A Fee Hike Might Be Coming to DAI Stablecoin, But MakerDAO Is Holding A Vote First
MakerDAO is the home of the DAI stablecoin, which is backed by Ethereum. However, the current design of the coin has led to some concerns from the developers during their weekly call on the 28th of February. It was suggested that the peg for the stablecoin may need to come with a price increase, due to issues with liquidity if it wants to continue to hold its value.
Rune Christensen, the founder of MakerDAO, was one of the many people at the meeting to voice their worries, saying that the peg that the stablecoin has to the dollar has nearly reached its “breaking point.” The lack of organic demand is damaging, and it could see a drop in the price, which would take it on the path to a “dangerous feedback loop.”
However, in an effort to involve the entire community in this concern, Christensen elected to initiate a poll to help determine whether increasing fees and raising the debt ceiling on the stablecoin system would be helpful.
The poll, which is being called the Dai Stability Fee poll, was launched on Monday, and any user with MKR governance tokens is eligible to vote. The fee would increase from the current 1.5% to 3.5%. Though the coin has shown up at a consistent 98 cents for January on Coinbase Pro and Bitfinex, CoinMarketCap reports that the value of the stablecoin has bounced between 98 cents and $1.02 in global markets. While this may seem like a small amount, the difference can add up quickly.
Cypress Younessi, the risk management lead for MakerDAO, spoke out during the call about the “good deal” of stablecoins that they are putting out into the market. However, he feels that bringing back that amount for now, at least while the stability fee is being debated, is the best course of action.
In a vote last month, the same MKR holders were urged to vote on increasing the fee twice by 0.5%. However, in a Reddit post from today from the company, the developer lead says that the increase would be “negligible,” adding that the increase in fee would end up continuing until the difference between the peg and the stablecoin is corrected.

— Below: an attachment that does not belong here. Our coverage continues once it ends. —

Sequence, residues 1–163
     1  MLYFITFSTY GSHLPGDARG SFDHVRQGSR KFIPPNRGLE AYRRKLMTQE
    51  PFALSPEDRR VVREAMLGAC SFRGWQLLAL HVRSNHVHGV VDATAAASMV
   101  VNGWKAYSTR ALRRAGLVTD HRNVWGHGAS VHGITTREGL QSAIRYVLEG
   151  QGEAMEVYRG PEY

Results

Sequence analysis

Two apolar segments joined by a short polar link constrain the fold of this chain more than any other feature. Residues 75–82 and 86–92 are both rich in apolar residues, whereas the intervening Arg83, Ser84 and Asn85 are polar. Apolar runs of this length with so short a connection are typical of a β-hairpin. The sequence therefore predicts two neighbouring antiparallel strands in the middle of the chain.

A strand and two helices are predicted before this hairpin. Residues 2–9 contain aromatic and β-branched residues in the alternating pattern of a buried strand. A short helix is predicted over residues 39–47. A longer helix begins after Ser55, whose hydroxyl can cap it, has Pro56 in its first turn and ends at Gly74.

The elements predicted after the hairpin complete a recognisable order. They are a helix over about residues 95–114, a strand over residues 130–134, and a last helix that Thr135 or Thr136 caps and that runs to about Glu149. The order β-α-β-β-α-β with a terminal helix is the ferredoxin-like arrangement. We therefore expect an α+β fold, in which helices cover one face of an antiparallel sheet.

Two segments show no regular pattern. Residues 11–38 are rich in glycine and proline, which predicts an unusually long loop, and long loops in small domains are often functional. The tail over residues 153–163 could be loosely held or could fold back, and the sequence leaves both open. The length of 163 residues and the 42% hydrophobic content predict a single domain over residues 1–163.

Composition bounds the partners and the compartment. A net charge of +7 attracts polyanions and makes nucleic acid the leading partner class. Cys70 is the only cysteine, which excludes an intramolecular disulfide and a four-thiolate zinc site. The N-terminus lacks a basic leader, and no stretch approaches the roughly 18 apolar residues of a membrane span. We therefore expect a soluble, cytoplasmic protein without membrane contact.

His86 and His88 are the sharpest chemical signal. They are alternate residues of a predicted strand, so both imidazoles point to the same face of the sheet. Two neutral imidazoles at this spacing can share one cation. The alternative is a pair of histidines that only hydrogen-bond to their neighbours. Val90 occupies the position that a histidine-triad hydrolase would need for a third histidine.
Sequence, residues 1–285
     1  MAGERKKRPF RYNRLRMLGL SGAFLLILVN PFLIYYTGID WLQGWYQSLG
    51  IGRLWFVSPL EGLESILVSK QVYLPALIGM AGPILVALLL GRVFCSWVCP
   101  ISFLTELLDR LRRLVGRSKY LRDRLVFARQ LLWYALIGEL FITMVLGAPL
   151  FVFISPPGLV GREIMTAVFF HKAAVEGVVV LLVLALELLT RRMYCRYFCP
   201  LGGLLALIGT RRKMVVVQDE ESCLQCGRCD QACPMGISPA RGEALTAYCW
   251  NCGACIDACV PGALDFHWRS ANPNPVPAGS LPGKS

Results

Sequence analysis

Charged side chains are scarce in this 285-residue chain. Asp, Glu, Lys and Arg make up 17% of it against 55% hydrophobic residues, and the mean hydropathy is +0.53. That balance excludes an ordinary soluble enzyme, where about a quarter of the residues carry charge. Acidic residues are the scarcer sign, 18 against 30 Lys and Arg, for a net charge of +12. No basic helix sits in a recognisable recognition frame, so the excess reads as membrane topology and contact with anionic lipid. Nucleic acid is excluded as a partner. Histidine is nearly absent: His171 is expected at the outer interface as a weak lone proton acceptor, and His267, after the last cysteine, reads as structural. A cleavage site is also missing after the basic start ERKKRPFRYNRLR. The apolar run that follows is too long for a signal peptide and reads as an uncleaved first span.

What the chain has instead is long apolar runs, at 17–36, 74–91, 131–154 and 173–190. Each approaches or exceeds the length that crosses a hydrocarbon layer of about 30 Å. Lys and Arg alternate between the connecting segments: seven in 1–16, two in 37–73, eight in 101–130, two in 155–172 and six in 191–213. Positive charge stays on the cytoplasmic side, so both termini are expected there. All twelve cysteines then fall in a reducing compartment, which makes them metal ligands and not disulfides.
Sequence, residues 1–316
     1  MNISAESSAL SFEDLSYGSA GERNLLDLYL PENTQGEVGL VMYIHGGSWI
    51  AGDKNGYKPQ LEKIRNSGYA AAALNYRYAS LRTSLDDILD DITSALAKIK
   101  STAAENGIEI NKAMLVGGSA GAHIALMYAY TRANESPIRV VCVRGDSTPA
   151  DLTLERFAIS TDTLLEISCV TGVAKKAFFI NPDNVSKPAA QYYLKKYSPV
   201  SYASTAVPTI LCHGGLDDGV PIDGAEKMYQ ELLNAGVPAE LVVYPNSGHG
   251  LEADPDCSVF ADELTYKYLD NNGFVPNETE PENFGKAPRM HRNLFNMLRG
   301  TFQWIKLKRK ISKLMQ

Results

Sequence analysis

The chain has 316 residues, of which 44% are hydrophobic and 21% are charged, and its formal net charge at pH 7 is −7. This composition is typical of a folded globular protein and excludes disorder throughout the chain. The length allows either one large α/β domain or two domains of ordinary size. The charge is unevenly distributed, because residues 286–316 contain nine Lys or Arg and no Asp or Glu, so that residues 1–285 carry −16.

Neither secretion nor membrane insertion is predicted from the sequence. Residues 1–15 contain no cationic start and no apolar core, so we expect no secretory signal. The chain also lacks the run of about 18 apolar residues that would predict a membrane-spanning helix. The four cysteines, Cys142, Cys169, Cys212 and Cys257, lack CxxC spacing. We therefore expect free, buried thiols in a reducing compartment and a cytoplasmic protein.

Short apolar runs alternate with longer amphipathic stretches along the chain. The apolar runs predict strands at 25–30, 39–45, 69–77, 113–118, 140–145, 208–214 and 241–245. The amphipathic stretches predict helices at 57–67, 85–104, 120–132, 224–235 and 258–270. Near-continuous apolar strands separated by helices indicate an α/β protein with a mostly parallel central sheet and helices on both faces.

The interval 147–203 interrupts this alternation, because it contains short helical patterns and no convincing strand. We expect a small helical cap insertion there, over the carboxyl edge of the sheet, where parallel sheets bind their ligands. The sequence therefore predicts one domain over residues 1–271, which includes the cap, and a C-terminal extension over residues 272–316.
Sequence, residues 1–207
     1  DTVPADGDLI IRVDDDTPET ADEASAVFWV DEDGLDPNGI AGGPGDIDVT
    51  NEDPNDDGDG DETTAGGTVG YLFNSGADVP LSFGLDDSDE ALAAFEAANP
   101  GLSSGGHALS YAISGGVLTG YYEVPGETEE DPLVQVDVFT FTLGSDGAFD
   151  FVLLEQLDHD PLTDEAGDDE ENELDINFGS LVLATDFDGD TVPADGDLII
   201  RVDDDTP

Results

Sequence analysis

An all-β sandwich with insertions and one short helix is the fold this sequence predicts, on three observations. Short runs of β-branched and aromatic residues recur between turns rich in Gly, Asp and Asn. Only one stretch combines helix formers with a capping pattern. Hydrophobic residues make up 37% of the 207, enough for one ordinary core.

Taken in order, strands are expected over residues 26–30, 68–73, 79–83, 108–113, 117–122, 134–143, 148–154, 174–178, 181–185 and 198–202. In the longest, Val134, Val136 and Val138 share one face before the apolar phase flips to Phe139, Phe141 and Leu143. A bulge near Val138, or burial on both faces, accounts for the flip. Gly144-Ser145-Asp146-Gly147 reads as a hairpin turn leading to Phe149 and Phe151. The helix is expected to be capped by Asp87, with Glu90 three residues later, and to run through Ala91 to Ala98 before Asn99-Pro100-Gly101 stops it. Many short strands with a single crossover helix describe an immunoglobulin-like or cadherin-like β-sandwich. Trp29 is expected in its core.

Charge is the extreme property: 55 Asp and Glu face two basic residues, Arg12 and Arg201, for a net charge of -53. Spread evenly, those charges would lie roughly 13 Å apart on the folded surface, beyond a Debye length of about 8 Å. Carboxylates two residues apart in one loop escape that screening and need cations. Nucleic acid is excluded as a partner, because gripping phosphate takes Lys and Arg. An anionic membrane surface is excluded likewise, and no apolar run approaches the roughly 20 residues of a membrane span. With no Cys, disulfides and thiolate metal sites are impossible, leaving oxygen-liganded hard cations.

Still, the increase of the fee isn’t just about MakerDAO itself. The stablecoin is used in several applications that rely on the consistency of the value and the fee, like Gitcoin, which often pays out their bounties in DAI coins. The Connext Network, a payment channel platform that will soon launch their mainnet on Ethereum, uses DAI as their primary transaction medium.
Right now, MakerDAO smart contracts account for 2 million ether tokens, which is about 2% of the total ether produced. However, the adoption of this asset is more like a “collateralized debt position” right now, which means that the dollar-pegged DAI requires three times the ether for withdrawal.
At that point, since the token is a stablecoin, user can liquidate the holdings for the payment of bills, essentially using it as loans, which is a growing demand. MakerDAO provided the following graph to show the way that these withdrawals and later deposits are impacting the platform.
The demand is a major concern to the contributors and employees of MakerDAO, which is why they have been working to increase the use cases outside of the Ethereum ecosystem. According to Nadia Alvarez, a business development associate for MakerDAO’s Latin American office, DAI is being commonly used by crypto-financial service companies as a way to transfer value. BuenBit and BuenGiro are both examples of that. However, based on the statistics collected by MakerDAO, the new holders often liquidate their DAO within an hour of purchasing it.
A problem arises with a DAI CDP, because the ETH price can drop. If that price tanks below 150%, it is liquidated, and there is a risk of losing some of the collateral that they held the DAI coin for, which is the bigger problem.
The only individuals or entities allowed to vote on the addition or removal of data sources are the ones with MKR tokens. This factor is increasingly important as the holders of DAI debate whether the debt ceiling should be raised. If the market drops, liquidation of ether might become necessary, but Christensen has been adamant that this is only a worst-case scenario. Considering that only 10% of MKR token holders participated in the last vote, it is uncertain how many would ultimately vote this time.
The only way for a stablecoin to thrive and maintain its position is with diverse stakeholders. Unfortunately, this does not seem to be the case with MKR token holders, since about 55% is held by the top 3 holders, with 27% being held by the top holder. Polychain Capital’s role has been confirmed in these positions as holding a “significant portion” of MKR tokens, according to a spokesperson. Nick Tomanio, the co-founder of 1confirmation, confirmed that his platform is a major holder of the MKR tokens as well.
Other tops 10 holders have not been publicly listed, and requests for comment from the Ethereum Foundation and Ethereum co-founder Joseph Lubin have been denied. Stephen Palley, a partner of law firm Anderson Kill, willingly took on the hot seat with his own comments, criticizing the lack of transparency around the DAI ecosystem and more.
“They are paradoxically creating something that is supposed to transparent but basing it on something that they apparently won’t explain,” Palley said. “What assurance is there that liquidations are based on rational, objective, reasonable analysis? I suspect – though I don’t know – that there is an Oz behind the word Oracle. I’d be curious to know who sits behind that curtain.”